Author Lou Anders pays tribute to award-winning American science fiction writer and editor Michael Diamond Resnick, whose death on 10th January 2020 was announced by his daughter Laura last week after battling cancer.
A much-loved creator, he won five Hugo awards, a Nebula award, he was also executive editor of Jim Baen’s Universe.
My friend Mike Resnick has died. I hadn’t seen him in a few years, mostly because I skipped DragonCon last year, where he was a regular feature. But from 2004 until 2014, I was the Editorial Director of Pyr, the S&F imprint of Prometheus books.
During that time, I worked with Mike on 14 novels and one short story collection. We reprinted his marvellous novel Ivory: A Legend of Past and Future, which was his tribute to and fictional history for the Kilimanjaro Elephant, and we reprinted Stalking the Unicorn, adding two new books to make it a trilogy.
We did the five book Starship series, and the four book Weird West series about the adventures of Doc Holiday in a steampunk alternate history. We had kicked off a new space opera when I left editing for my own writing, and we only stayed in touch intermittently after that.
Mike called my son Mike Jr., though I later found out there were a score of children referred to that way. During our time together, he said often, and publicly, that I was his favourite editor, though I wouldn’t be surprised to learn that he said the same about someone else. He was extremely generous with his time towards fans and young writers.
He mentored quite a few people, but he was also free with advice about the business of writing to anyone who wanted to listen, and I sat in on numerous conversations where he shared the wisdom of his experience with new authors I’d introduced him to.
He was also an endless font of stories about publishing and the people of publishing, stories that will probably die with him because quite a few of them I don’t see anyone else having the nerve to tell.
We argued about cinema and television a lot: Mike didn’t seem to like anything after the invention of colour. I exaggerate, but it’s far to say that I could count the films he praised that were younger than I was on the fingers of one hand.
He always trusted me with his covers, telling me “Lou, I’m blind in one eye and colour blind in the other,” saying that if I told him it was a good cover, he’d believe me.
(They were good covers. Some of our best.)
One of my favourite reviews of his work said something to the effect of “Mike Resnick never met a cliché he didn’t like, but he wields them like cards in the hands of an expert storyteller.” That was an absolutely fair assessment, but it wasn’t damning with faint praise. Mike’s work was the epitome of the good story well told, and if elements of the story had been told before, so what. They’d never been told like this.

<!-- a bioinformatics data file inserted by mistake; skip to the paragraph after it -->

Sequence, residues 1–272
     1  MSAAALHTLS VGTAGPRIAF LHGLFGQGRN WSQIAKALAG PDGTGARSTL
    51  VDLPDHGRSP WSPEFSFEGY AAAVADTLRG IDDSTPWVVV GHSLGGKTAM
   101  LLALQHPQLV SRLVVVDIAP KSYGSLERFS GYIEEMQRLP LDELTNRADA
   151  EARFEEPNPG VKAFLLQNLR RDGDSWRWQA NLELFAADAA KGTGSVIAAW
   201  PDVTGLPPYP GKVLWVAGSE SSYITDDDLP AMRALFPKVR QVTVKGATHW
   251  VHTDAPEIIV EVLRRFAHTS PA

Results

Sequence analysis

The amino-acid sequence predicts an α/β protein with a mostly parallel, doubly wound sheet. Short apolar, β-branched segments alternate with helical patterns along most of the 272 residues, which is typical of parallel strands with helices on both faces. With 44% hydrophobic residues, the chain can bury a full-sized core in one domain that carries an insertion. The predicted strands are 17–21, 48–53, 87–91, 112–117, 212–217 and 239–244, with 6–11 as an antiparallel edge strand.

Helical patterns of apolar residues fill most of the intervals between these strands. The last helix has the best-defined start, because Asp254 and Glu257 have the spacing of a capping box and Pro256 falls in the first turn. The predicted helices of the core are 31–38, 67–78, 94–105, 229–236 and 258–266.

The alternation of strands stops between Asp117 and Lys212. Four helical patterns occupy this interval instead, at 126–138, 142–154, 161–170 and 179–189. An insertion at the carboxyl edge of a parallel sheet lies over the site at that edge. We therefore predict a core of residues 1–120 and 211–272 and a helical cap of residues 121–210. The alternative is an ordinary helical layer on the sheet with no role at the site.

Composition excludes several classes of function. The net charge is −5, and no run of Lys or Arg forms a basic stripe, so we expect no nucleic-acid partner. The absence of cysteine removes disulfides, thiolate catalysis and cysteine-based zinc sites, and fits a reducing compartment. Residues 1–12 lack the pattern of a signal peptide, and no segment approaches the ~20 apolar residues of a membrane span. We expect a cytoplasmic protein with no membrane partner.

He was a master storyteller, whether on his ancient computer keyboard or in person across the table. We had a lot of meals together, but we rarely hung out in the bars. Mike avoided them, preferring to hold court in the fan suites at conventions, where he could be among his readers. He had a lot of those, and a lot of people who loved him.
I was one of them. I will miss him.
I went and pulled New Dreams for Old off the shelf this morning. That’s the short story collection we did together, so many years ago. I opened it to a random page, just to see if Mike had anything more to tell me.
The first thing I spotted was a bit of dialogue from “His Award-Winning Science Fiction Story,” a bit of parody in which the characters complain about the tale they find themselves in. The line read: “Jesus H. Christ!” muttered Stalwart disgustedly. “If I’d ever written a sentence like that they’d have thrown me out of school.” I laughed through my tears.
Thanks, Mike. You’re the best and you won’t be soon forgotten.
Mike Resnick, 5th March 1942 – 9th January 2020
• Mike’s daughter, SF author Laura Resnick, is running a GoFundMe Page to pay her father’s medical bills and support his widow. The initial $50,000 target has been reached, but support continues to be welcome
Writing on the page she says of her father: “His connection to his friends, his readers, and his colleagues enriched his life, and he never stopped being delighted to meet people who read his work, who were interested in writing, who loved books and stories, and who shared his sense of wonder. He remained enthusiastic about his craft and devoted to his writing to the end of his life, and was always thrilled to be part of the science fiction community, as both a fan and a pro. He taught me a lot about being a writer and a professional.”
My thanks to Lou Anders, author of the fantasy series Thrones & Bones and much more, for permission to post his tribute to his friend. You can find out more about Lou’s work at louanders.com
The founder of downthetubes, which he established in 1998. John works as a comics and magazine editor, writer, and on promotional work for the Lakes International Comic Art Festival. He is currently editor of Star Trek Explorer, published by Titan – his third tour of duty on the title originally titled Star Trek Magazine.
Working in British comics publishing since the 1980s, his credits include editor of titles such as Doctor Who Magazine, Babylon 5 Magazine, and more. He also edited the comics anthology STRIP Magazine and edited several audio comics for ROK Comics. He has also edited several comic collections, including volumes of “Charley’s War” and “Dan Dare”.
He’s the writer of “Pilgrim: Secrets and Lies” for B7 Comics; “Crucible”, a creator-owned project with 2000AD artist Smuzz; and “Death Duty” and “Skow Dogs” with Dave Hailwood.